Pros keep eyes peeled as individuals crush on leveraged ETFs
TAKESHI KAWASAKI, Nikkei staff writer
TOKYO -- Small investors in Japan have been enamored with leveraged exchange-traded funds of late, a development that market pros think too important to ignore.
"1570? Yes, there is still active trading," a trader at a major brokerage said Thursday, checking a computer screen. The number is the ticker code of the Nikkei 225 Leveraged Index ETF, managed by Nomura Asset Management and designed to double the changes in the Nikkei Stock Average. The fund recorded the second-highest trading value on the Tokyo Stock Exchange that day, after SoftBank.
Behind the surge in trading of the Nikkei leveraged ETF is the influx of retail investors.
"I can't spend much time analyzing individual stocks during the day," says a 40-year-old businessperson here who has allotted half of 4 million yen (nearly $38,500) in investment assets to this instrument alone. "In this sense, the Nikkei leveraged ETF is easier."
Even compared with the regular Nikkei-linked ETF, the leveraged version "has a fair degree of volatility and is highly efficient in terms of return," the part-time investor notes.
"With the foreign exchange market growing increasingly stagnant, some individuals who had focused on foreign-exchange margin trading are now moving to the Nikkei leveraged ETF," says Makoto Shioda, head of ETF marketing at Nomura Securities.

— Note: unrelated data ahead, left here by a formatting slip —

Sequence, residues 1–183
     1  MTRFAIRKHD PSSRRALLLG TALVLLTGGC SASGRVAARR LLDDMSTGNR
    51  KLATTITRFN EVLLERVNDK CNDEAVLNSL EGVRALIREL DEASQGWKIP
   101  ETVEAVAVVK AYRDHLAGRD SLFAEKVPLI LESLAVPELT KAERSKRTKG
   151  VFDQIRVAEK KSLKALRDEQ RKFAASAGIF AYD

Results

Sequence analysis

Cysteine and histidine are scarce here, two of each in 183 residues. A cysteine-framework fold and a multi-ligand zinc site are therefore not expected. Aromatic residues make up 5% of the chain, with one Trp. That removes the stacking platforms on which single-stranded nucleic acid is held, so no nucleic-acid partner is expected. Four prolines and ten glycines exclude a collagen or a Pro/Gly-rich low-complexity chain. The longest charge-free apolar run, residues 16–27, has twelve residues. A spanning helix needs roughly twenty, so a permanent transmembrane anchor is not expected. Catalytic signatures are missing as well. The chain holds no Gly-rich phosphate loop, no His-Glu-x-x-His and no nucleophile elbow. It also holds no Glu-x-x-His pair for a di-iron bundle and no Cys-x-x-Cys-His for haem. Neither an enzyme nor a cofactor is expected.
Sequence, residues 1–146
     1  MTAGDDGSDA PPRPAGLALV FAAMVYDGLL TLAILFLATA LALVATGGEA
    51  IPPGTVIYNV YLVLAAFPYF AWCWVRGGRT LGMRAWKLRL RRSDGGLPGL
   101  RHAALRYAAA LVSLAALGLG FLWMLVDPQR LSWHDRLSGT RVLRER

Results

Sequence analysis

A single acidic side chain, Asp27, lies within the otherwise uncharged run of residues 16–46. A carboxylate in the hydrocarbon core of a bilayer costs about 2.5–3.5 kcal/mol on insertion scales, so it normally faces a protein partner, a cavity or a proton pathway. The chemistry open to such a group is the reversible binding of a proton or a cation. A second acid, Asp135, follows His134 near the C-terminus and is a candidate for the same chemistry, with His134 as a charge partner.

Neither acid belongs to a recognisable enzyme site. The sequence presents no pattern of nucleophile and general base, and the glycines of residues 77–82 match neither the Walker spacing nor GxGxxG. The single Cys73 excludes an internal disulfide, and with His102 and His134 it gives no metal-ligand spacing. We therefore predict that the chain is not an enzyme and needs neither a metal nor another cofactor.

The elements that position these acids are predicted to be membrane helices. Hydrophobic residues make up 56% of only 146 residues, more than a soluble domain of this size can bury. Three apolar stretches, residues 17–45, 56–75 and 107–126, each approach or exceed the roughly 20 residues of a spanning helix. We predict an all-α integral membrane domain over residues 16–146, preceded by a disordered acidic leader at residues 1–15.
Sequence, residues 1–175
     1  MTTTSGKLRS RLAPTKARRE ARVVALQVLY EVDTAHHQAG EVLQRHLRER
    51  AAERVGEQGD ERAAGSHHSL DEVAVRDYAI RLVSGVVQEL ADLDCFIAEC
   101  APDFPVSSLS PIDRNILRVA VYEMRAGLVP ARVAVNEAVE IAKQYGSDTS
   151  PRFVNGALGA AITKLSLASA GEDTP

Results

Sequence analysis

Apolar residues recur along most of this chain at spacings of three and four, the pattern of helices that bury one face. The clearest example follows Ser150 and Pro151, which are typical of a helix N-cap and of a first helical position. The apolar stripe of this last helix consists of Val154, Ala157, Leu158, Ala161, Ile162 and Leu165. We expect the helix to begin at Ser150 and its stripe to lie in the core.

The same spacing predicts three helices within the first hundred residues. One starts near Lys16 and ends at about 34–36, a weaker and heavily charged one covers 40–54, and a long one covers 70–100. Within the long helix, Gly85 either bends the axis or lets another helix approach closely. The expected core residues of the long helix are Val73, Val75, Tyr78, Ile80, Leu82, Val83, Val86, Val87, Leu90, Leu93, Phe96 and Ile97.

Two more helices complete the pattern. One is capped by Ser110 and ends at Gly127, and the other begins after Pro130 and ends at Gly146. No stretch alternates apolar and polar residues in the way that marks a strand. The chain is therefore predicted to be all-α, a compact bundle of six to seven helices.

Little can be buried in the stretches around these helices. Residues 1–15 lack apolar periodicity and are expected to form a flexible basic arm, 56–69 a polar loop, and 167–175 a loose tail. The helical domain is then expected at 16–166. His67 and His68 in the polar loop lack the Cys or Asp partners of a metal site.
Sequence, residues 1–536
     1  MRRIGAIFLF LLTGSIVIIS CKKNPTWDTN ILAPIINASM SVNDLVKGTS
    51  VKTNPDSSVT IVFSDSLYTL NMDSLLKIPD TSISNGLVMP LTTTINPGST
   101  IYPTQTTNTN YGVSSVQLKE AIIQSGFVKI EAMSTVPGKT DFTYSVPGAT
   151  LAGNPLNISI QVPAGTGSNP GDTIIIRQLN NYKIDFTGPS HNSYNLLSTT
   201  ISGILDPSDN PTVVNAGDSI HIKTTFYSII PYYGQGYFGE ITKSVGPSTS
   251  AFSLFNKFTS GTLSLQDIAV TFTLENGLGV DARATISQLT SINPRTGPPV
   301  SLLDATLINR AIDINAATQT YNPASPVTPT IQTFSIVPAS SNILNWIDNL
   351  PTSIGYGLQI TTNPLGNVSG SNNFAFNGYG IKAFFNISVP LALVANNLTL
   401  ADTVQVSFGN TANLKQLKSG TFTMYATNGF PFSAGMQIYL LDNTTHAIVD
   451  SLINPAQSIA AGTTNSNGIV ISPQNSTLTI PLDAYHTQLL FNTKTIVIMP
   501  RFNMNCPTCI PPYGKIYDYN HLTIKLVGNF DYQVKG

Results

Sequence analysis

Because leveraged-ETF investors essentially need to follow just stock indexes, the instruments are closer in nature to forex margin trading than to individual stocks. Not all retail investors can spend hours studying companies. Leveraged ETFs can be said to have helped draw a new group of individuals to the market.
With a market capitalization of some 250 billion yen, the Nikkei leveraged ETF now boasts second-highest balance among the world's leveraged ETFs. So its movements naturally impact the broader market to a certain degree.
Asset management companies use stock index futures to adjust reference prices of leveraged ETFs. They buy futures when the market rises and sell them when it falls, amplifying market changes.
When the Nikkei average goes up or down 1%, companies managing leveraged ETFs trade some 15 billion yen in futures, says Naohide Une of Goldman Sachs Japan. The amount is on a par with the impact that hedge funds' orders to buy Nikkei average call options have on the broader market. This is why pro traders say they can no longer afford to overlook fund flows into and from leveraged ETFs and their trading trends.
One problem is that the Nikkei leveraged ETF alone accounts for a whopping 60% of the total trading value of all 150 or so ETFs on the Tokyo market.